Reflections from 2015

Dec 25 2015 Published by under Uncategorized

Since we are nearing the end of the year, a lot has been on my mind about work environments. Having recently transitioned from academia to a government lab, a few contrasts between the two are evident. This is something that I didn’t realize fully when I was in academia, but there is enough pressure (usually coming from funding or the lack thereof) that there is a minimum level of performance reached. Academia has some good, reasonable, and productive people. I am talking about grad students, postdocs, technicians, lab managers, and research scientists. I may not have thought this when I was a graduate student and a postdoc, but… what do they say?… hindsight is 20/20?

Looking back and putting myself in my PIs’ shoes, there would always be a way to part ways with any of the above mentioned people if they really were a big drag on the lab. It may take a while, but with grants lasting about 5 years max, it seems that there would have been justification enough to let go of toxic or counterproductive people. This may not always happen, in practice, for various personal or other reasons, and maybe my perspective of who was not being productive was a little biased – after all – I was seeing through the lenses of a graduate student and postdoc who felt tremendous pressure to perform. And having never been in the shoes of a PI, there are probably things I am missing in this equation. But, in my experience, academia had a pretty good mix of people.

One thing that sticks out the most to me as I reflect back on my last year and a half in a government lab is that the job security is a lot different. There is a sense of entitlement that comes with having a scientist position with the local government that can lead to toxicity. It has been my experience over the last year or so that there are some people in my lab that seem to only be there for two reasons. One, because of the pension retirement system that was offered when they started, it doesn’t make financial sense for them to leave. And two, even if they cause problems and/or are counter productive, it seems that management has a hard time getting rid of them. I don’t have a full understanding of this issue yet, but I think that it is a stereotype of working for the government. So, those are some of the downsides of good job security. The flip side is that I also get the benefit of having extreme job security, and I won’t have to leave unless something better compels me to do so.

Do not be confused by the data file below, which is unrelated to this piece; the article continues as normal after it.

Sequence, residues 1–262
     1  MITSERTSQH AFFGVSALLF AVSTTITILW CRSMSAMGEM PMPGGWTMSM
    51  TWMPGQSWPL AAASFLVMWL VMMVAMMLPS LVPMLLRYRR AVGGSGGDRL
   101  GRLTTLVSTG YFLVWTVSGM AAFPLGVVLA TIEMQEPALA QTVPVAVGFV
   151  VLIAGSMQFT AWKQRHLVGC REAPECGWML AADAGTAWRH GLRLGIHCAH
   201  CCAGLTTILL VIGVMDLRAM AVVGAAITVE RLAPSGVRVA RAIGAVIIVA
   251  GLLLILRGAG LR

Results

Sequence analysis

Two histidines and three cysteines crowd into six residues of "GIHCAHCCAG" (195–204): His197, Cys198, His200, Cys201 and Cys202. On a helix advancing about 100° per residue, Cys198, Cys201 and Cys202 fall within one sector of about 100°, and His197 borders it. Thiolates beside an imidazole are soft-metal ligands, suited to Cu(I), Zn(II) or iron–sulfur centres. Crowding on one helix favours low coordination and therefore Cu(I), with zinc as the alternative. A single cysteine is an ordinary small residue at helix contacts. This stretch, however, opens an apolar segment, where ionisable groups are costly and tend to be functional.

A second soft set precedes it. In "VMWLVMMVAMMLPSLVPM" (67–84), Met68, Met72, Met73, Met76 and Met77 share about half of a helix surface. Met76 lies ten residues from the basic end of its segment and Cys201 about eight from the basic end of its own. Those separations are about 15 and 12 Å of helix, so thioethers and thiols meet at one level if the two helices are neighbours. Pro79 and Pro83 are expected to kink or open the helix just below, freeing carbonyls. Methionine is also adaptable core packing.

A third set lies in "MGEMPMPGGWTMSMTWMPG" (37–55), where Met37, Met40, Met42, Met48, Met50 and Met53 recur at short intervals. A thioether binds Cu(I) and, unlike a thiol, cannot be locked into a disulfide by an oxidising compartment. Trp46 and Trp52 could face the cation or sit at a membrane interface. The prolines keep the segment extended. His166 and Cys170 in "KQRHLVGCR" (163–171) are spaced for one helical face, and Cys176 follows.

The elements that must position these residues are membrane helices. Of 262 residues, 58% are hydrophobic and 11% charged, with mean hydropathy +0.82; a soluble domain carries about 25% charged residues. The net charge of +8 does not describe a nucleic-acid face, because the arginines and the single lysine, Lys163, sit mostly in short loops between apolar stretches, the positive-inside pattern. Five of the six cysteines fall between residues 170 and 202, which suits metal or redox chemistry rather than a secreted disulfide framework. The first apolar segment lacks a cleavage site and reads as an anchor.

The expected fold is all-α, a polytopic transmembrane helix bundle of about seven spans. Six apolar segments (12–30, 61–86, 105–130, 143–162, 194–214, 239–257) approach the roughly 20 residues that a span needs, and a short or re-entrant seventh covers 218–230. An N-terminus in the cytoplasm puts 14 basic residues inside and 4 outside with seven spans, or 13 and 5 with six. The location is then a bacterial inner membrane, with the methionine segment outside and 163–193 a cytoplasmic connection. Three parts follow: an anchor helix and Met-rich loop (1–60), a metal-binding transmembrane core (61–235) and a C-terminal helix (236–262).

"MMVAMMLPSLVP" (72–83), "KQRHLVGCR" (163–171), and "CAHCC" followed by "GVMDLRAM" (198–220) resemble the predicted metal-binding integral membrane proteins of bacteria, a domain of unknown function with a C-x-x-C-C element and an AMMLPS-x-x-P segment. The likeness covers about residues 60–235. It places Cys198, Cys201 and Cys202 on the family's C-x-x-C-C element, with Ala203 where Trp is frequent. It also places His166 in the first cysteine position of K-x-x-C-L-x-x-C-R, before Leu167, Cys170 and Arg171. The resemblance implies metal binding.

So, while this contrast is at the forefront of my mind right now, it hasn’t really affected me directly. I think that it will in the future, though, and I am interested in being as prepared as I can be to not get sucked into the toxicity, and hopefully make a positive impact on my workplace. While lab environment is completely separate thing from my job description and the scope of my work, and I would hate for the lab environment or for peoples attitudes to affect how I am doing my job, or (even more so) how much I love my job.

Another difference I have noticed is that the management is much more interested in promoting internally, and even moving supervisors laterally than looking for fresh outside candidates. This is a LOT different than academia. There is probably a lot I don’t understand about this particular choice, either. Maybe there are a lot of politics, delays, paperwork and pushback from looking externally. There are certainly some bad things about this, though. But there are probably good things, too.

The two differences I have noted above are more objective. A more personal contrast that I have noticed is that the purpose of the two jobs feels a lot different. Yes, academic research has the goal of bettering society, contributing to technological advances, and scientific discovery. But having a more applied job has been extremely satisfying to me. I was getting lost in academia between the desire and need to advance my own career and the million directions I could have gone in with some of my research interests. It just felt so abstract and meaningless at times. Here, what I am doing is much more constricted as far as techniques go, but it is having a direct impact on peoples lives. I know that there is a need for both types of jobs in society, and I am glad that there are people that fit better on the research side. And there is another huge element of the biotech industry that am not even acknowledging here, but that is another necessary area.

So, these are just some observations on the two different science careers that I have had. Like I mentioned above, there is a lot more that I would love to learn and explore about workplace/ coworker dynamics, and I would love any resources on this subject.

Happy Holidays!


One response so far

  • Zuska says:

    The most toxic workplace I ever had was an academic research group.
    One of the most supportive workplaces I had was a pharma company with extensive benefits, a policy of promoting from inside, a very high retention rate/low turnover.

    I will dig through my library - I probably have a few books on my shelf that would be of interest to you. Will compile & post later.

Leave a Reply